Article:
You can’t have missed Linden Lab’s recent announcement regarding the Community Partnership Programme, which will bring to each and every community in Second Life® the kind of “special agreement” that Linden Lab signed with the United Sailing Sims nine months ago.
Back then, Linden Lab promised to do a similar thing for further communities that wanted the same arrangement. It took them a long time of “beta testing”, but now they’re basically extending the agreement to every community that wishes to be part of this special relationship between Linden Lab and a group of deeply-engaged residents.
The interesting aspect of the announcement, however, is its timing. But the details are also intriguing, even though not very surprising.
Back to Mainland?
In late 2008, I sort of predicted that in 2009, one of Linden Lab’s focus would be on the mainland again. The reasoning is not obvious. It has to do with one unique characteristic of Second Life: its contiguity.
Anyone looking at the grid map today would laugh at that. After all, the mainland continents are almost lost in the vast ocean of private islands and micro-continents. Every year the ratio of private islands vs. mainland seems to grow and grow. So where is the demand for contiguity?
We have to understand first and foremost that the drive towards private islands away from the mainland is mostly due to two reasons: control (i.e. the Estate Tools) and aesthetics (i.e. creating a space that actually looks nice outside the visual chaos of the mainland). Some other minor issues, like the ability to have 100 avatars in the same private island (as opposed to the far lower limit on the mainland) certainly are important; also, having “empty sea” around a sim will noticeably reduce lag.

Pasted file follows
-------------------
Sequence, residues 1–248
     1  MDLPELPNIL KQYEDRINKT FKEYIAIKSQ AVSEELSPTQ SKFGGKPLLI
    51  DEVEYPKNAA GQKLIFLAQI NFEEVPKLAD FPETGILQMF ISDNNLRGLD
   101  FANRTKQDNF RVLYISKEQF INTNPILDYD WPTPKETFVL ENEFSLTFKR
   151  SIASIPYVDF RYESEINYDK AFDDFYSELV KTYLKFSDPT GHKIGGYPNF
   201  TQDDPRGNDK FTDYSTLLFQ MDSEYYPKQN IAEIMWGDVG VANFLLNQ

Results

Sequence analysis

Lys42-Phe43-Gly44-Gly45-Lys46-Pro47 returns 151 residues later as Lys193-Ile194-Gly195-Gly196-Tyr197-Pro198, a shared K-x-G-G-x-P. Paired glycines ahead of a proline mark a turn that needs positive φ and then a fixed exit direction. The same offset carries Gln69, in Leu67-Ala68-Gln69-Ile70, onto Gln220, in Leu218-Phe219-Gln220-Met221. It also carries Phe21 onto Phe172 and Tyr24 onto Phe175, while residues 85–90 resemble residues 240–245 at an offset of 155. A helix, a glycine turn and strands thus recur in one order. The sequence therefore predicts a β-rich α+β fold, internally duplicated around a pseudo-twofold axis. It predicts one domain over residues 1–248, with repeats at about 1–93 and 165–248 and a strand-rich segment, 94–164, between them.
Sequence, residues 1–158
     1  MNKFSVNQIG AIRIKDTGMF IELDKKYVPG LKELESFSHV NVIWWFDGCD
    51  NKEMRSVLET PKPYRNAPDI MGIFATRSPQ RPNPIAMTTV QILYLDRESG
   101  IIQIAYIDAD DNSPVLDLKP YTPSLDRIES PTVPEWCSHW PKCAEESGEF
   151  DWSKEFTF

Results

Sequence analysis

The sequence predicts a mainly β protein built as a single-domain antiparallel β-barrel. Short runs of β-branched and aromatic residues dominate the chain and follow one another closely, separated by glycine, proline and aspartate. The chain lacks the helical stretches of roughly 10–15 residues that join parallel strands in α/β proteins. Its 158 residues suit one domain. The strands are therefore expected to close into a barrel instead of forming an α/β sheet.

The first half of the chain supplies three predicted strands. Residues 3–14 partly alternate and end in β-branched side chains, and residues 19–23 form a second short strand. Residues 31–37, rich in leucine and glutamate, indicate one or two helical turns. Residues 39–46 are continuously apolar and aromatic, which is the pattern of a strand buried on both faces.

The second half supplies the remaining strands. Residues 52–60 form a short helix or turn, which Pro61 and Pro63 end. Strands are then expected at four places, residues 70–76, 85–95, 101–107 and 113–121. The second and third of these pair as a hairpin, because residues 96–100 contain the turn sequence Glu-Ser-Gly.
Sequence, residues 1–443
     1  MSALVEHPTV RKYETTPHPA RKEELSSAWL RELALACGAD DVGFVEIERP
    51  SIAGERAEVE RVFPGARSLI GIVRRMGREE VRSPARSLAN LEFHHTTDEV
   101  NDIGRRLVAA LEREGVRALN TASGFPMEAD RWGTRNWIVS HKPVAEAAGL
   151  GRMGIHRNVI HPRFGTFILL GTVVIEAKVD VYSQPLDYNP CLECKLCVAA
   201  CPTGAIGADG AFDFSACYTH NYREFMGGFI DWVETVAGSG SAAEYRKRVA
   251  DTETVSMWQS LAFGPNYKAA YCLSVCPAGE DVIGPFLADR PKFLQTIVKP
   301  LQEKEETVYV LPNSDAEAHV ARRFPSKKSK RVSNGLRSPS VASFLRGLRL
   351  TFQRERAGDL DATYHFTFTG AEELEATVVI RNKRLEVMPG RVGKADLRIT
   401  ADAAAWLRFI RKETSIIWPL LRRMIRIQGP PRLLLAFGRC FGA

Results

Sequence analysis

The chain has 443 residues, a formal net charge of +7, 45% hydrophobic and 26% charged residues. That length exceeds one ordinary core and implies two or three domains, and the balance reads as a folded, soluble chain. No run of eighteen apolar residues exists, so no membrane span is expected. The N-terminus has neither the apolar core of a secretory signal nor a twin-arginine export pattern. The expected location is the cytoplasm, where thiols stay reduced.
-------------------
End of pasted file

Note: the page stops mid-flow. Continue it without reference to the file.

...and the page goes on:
Both control and aesthetics could, in fact, have been implemented on the mainland, if Linden Lab wished it so. Allegedly, a few mainland sims (Luskwood?) actually have access to Estate Tools. And of course in the past years Linden Lab has introduced a few “themed mainland communities” using reasonably good content as prefabs for the mainland residents who establish themselves there, and cannot change them without explicit permission by Linden Lab’s concierges.
Thanks to the Linden Department of Public Works, themed communities, sponsored by Linden Lab, like Bay City, have been running for over a year and a half now. And, of course, Zindra, the Adult Continent, is also a “themed” continent, even though there are less building restrictions there, but the main infrastructure was created by the LDPW to give the area, at least at the beginning, some consistent look.
However, this is all a small fraction of the mainland. Sure, large-scale rental projects like Ravenglass Rentals have been on the SL mainland for half a decade now, and the idea is to have a vast community living on the mainland and provide the required services — aesthetics and control (e.g. anti-griefing and anti-drama policies) — to mainland residents as well. There are many others.
They’re not enough.
So why should Linden Lab bother?